New Portraits!

July 11, 2013 at 9:43 pm (news, people, portraits and paintings) (, , , , , , , )

While looking at the BBC “Your Paintings” website, I’ve unearthed a couple of new images, including this one of the Smiths’ cousin Spencer, Marquess of Northampton, by Thomas Phillips.

Phillips is of interest because he reportedly painted a portrait of Mrs Drummond Smith (the former Mary Cunliffe); and “the circle of Thomas Phillips” is credited with the portrait of Joshua Smith of Erle Stoke Park, which is also found on the BBC site.

Spencer’s portrait was presented to the Royal Society c1849, and was painted c1845. Other images of Spencer Compton is presented in the “portraits” page.

The other portrait find is of Thomas Gardiner Bramston, of Skreens, the father of John Bramston – who evidently proposed to Charlotte Smith, but ultimately married Clarissa Trant.

Emma’s 1831 diary mentions the death of Mr Bramston of Skreens – but offers up no details; maybe she didn’t know them. If you read the above link, you’ll learn about Mr Bramston’s parliamentary career as well as some details of his death.

*NEW* and a little more digging at the BBC unearthed four portraits — two hitherto unseen! — of Spencer Compton’s daughter, Lady Marian Alford. My favorite has been added to the “portraits” page.

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A Tale of Two Macdougalls

October 27, 2012 at 10:52 pm (books, diaries, estates, history, people, research) (, , , , , , , , , , , , )

Reading Emma’s diaries for 1822-1823 — even with half of EACH diary left blank (while the family was away on the continent) — one would never realize that the Miss Macdougall found in the first diary was NOT the same Miss Macdougall found in the second.

Thank goodness for letters!

The secret is to be found in a couple of letters at the Essex Record Office (Chelmsford).

The “Tale of Two Macdougalls” begins in 1819. The governess to the younger Smith girls, at the moment, is Miss Ramsay — about whom I’ve written before. She turns up in the memoirs of Elizabeth Grant, the “Highland Lady”.

By February, 1819, Miss Ramsay is described as having a cough. At the very end of March “Miss McDougall {sic} arrived this morning from the North at her sisters in Euston Sqr  She came directly to see Miss Ramsay…” Miss M. brought Miss R. the unwelcome news that illness prevented Mrs Ramsay’s journey south. In April, Emma makes the comment that “Miss Susan McDougall {sic} was to stay in Portland Place with Miss Ramsay during our absence”. So, the two northern ladies were acquainted! And Miss Susan Macdougall comes into the circle of the Smiths of Suttons.

Ill, Miss Ramsay left the Smiths at the end of April, and by the fifth of May Emma could note her arrival in “the North”. Poor Miss Ramsay; she never recovered her health. Emma received “the melancholy account of dearest Miss Ramsay’s death” on August 10th.

On the governess front, Miss Pond was engaged by Mamma on 18 June 1819. There are hints that Miss Pond was perhaps on the lookout for another position. More of Miss Pond, however, in some later post.

Emma’s 1821 diary has the following address: “Miss Susan Macdougall  10 Picardy Place Edinburgh”

A “Miss Macdougall”, who was probably Susan, came to see Emma shortly before Christmas, 1821. On March 24, 1822 Emma could write, “Miss Macdougall came here in the evening to be my sisters governess”.

Come December, with the family away on the Continent, but the younger children — Charlotte and Maria; Spencer and Drummond — in England, Charlotte was writing to Mamma, “I cannot express how excessively sorry I am, we are going to lose, dearest Miss Macdougall …. I am very glad her sister is coming, for I know her, and like her very much, & we can talk of Miss Macdougall to her.”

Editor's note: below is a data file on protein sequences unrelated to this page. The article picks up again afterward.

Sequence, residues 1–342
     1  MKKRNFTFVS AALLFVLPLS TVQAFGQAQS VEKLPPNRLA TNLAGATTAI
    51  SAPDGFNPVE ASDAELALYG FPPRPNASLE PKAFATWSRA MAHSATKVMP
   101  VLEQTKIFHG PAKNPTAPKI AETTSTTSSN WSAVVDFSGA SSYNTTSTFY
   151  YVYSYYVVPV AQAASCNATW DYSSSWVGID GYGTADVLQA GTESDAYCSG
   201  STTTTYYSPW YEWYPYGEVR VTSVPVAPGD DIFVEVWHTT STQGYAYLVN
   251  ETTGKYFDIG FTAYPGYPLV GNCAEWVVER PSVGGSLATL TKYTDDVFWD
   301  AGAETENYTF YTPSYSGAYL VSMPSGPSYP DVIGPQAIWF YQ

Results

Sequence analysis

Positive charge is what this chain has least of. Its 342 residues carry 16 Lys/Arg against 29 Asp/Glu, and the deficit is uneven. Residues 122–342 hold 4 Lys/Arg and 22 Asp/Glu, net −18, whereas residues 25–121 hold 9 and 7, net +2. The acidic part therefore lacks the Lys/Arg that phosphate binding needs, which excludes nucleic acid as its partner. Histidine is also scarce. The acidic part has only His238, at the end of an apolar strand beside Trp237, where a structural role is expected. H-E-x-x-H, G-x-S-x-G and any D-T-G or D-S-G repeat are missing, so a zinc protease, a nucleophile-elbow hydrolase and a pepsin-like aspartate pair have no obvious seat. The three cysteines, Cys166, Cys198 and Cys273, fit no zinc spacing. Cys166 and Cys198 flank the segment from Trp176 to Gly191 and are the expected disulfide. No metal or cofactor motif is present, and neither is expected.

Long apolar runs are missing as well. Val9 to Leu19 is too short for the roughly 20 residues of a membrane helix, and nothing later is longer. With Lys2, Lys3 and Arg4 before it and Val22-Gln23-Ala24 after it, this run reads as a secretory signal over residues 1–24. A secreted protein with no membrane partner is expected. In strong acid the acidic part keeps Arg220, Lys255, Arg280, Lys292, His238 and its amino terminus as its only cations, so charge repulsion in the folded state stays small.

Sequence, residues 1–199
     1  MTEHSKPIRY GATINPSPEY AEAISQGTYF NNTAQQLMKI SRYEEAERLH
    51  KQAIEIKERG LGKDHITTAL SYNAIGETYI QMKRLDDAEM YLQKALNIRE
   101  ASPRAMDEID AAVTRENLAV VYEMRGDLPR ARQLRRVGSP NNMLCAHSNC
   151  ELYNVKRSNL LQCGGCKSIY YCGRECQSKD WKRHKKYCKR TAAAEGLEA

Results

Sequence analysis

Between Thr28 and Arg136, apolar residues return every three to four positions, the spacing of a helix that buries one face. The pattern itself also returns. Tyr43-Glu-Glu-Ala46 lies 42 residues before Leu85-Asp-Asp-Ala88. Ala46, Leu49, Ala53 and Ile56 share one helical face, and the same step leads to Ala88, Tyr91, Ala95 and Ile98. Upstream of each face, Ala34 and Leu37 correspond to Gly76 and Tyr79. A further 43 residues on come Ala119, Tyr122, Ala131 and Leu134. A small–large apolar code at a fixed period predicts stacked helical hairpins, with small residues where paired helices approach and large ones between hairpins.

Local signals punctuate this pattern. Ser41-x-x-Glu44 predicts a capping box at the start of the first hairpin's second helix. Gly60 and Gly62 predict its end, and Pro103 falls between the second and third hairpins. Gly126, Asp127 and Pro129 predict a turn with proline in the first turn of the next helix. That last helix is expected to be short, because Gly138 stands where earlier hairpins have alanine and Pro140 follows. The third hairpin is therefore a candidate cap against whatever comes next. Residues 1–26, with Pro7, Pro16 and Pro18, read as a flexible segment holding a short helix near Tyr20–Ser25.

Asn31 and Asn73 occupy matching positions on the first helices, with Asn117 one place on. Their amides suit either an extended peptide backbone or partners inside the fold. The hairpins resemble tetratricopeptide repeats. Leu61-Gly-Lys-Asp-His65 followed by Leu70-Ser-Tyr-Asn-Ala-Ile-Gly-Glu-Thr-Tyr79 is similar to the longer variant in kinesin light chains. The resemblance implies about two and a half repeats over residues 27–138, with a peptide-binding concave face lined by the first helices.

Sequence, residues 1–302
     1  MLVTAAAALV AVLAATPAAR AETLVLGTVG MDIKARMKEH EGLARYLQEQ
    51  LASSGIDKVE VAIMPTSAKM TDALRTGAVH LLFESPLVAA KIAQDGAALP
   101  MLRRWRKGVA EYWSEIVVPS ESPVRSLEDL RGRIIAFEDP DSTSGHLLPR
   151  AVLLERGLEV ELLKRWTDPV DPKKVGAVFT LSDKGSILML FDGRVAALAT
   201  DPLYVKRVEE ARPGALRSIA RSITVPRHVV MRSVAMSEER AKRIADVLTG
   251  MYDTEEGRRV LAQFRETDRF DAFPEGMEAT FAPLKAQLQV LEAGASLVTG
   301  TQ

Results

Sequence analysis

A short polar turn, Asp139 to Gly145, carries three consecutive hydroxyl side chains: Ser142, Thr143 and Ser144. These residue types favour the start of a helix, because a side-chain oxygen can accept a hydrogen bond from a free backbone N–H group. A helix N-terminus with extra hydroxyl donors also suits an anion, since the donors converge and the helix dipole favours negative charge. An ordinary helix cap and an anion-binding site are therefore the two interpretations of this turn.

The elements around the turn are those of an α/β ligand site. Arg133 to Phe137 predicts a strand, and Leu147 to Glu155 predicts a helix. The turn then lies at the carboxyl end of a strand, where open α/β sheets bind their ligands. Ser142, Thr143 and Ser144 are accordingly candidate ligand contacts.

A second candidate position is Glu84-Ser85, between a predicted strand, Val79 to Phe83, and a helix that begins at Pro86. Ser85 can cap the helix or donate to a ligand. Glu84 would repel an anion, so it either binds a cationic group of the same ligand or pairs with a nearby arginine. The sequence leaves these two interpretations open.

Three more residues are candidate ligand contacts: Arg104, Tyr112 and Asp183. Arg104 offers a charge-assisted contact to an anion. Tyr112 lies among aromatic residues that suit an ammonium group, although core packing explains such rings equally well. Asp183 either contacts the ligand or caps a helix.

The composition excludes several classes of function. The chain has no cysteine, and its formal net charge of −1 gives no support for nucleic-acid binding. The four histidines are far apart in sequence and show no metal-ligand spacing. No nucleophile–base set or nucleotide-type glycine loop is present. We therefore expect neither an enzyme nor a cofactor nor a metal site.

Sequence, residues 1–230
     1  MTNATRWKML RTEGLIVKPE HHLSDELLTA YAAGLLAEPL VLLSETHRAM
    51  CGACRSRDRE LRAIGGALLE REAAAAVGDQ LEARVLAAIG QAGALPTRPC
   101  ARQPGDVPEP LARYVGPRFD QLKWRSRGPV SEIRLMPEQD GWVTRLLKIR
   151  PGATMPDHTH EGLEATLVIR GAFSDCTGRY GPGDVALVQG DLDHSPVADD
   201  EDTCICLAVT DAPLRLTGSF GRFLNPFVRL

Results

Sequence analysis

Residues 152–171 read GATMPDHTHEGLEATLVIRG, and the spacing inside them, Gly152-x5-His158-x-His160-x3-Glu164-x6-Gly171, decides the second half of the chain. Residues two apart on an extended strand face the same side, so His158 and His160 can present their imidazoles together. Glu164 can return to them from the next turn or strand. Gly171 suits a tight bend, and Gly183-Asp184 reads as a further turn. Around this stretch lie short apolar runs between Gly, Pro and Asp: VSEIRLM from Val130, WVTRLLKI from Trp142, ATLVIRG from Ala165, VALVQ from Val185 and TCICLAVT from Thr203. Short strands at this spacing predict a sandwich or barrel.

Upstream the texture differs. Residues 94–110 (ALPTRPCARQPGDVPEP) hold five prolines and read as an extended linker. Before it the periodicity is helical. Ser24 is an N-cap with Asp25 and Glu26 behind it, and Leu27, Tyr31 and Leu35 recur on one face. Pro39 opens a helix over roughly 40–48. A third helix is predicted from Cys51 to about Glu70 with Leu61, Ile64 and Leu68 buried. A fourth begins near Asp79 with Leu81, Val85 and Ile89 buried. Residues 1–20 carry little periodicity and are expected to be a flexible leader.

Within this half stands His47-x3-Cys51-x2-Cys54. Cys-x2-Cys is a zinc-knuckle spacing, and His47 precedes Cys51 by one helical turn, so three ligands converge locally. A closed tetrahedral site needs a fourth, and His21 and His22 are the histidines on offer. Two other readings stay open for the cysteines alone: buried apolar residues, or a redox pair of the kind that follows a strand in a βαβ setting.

And there is the one hint that the later letter writer HELEN Macdougall was Miss Macdougall Number Two!

Come April, 1823, we learn, from Miss Helen Macdougall, that her sister Susan was soon off to Paris – to meet up with a M. Noverre, who had promised to marry her. But all was not well, even then. Miss Helen Macdougall ended her sister’s tale, in a letter to Mamma: “My Brother and Sister Fordyce are so much dissatisfied with his conduct, that even now they wish poor Susan to give him up.”

What happened?!? Did Susan give up M. Noverre? Did Monsieur jilt Susan?

All I currently know is that Emma would write in mid-June, 1823: “I am extremely sorry to hear that any unpleasant circumstances are at all likely to put a stop to Miss Susan Macdougall’s marriage …. pray beg Miss {Helen} Macdougall to send us without fail her sisters direction at Paris.”

The Smiths returned to England in July, 1823. Emma’s 1824 diary has this address:

Miss S. Macdougall
Chez Mde Martin
Rue de Vendome No. 13–
a Paris

And in April, 1824 Augusta is writing her cousin Lady Elizabeth Compton, “I have had a letter from Lady Compton {Lady Elizabeth’s sister-in-law, the former Margaret Maclean Clephane} quite pleased with the idea of Miss S. Macdougall and I do think indeed she has got a treasure more especially for the salary she gives…”

Without more letters the tale of the Two Miss Macdougalls remains what I’ve outlined here.

One clue to their future lies in the family of “Sister Fordyce”. There were at least four Miss Macdougalls, daughters of Mr Alexander Macdougall of Inveresk House (near Edinburgh). This obituary may be their mother’s:

June 1779, The Scots Magazine

14. At Inveresk, Mrs Macdougall, spouse of Alexander Macdougall, Esq; deputy-treasurer’s remembrancer in exchequer.”

I have found evidence that Charlotte Macdougall — Sister Fordyce — was born c1778. She married James, the second son of Dr Arthur Dingwall Fordyce of Culsh and Janet Morison, his wife, who was born in August 1778, on 23 July 1797. If Charlotte was the youngest daughter, then all the Macdougall sisters are in their 40s by the early 1820s.

The book on the Dingwall Fordyces notes the death of “McDougall [sic] (Alexander) of Inveresk House, Edinburgh and Deputy Remembrancer” on the 14th March, 1792. “The name of Mr. McDougall’s wife has not reached us; but his family must have been left in reduced circumstances, from the fact that two daughters, Misses Helen and Susan McDougall, for years creditably supported themselves, the former in the family of Mr. James Walker, an eminent civil engineer in London; the latter as governess in the family of the Marquis of Northampton.” This last we have seen recounted by Augusta to her cousin. Helen’s position with the Walkers probably also post-dates her stay with the Smiths.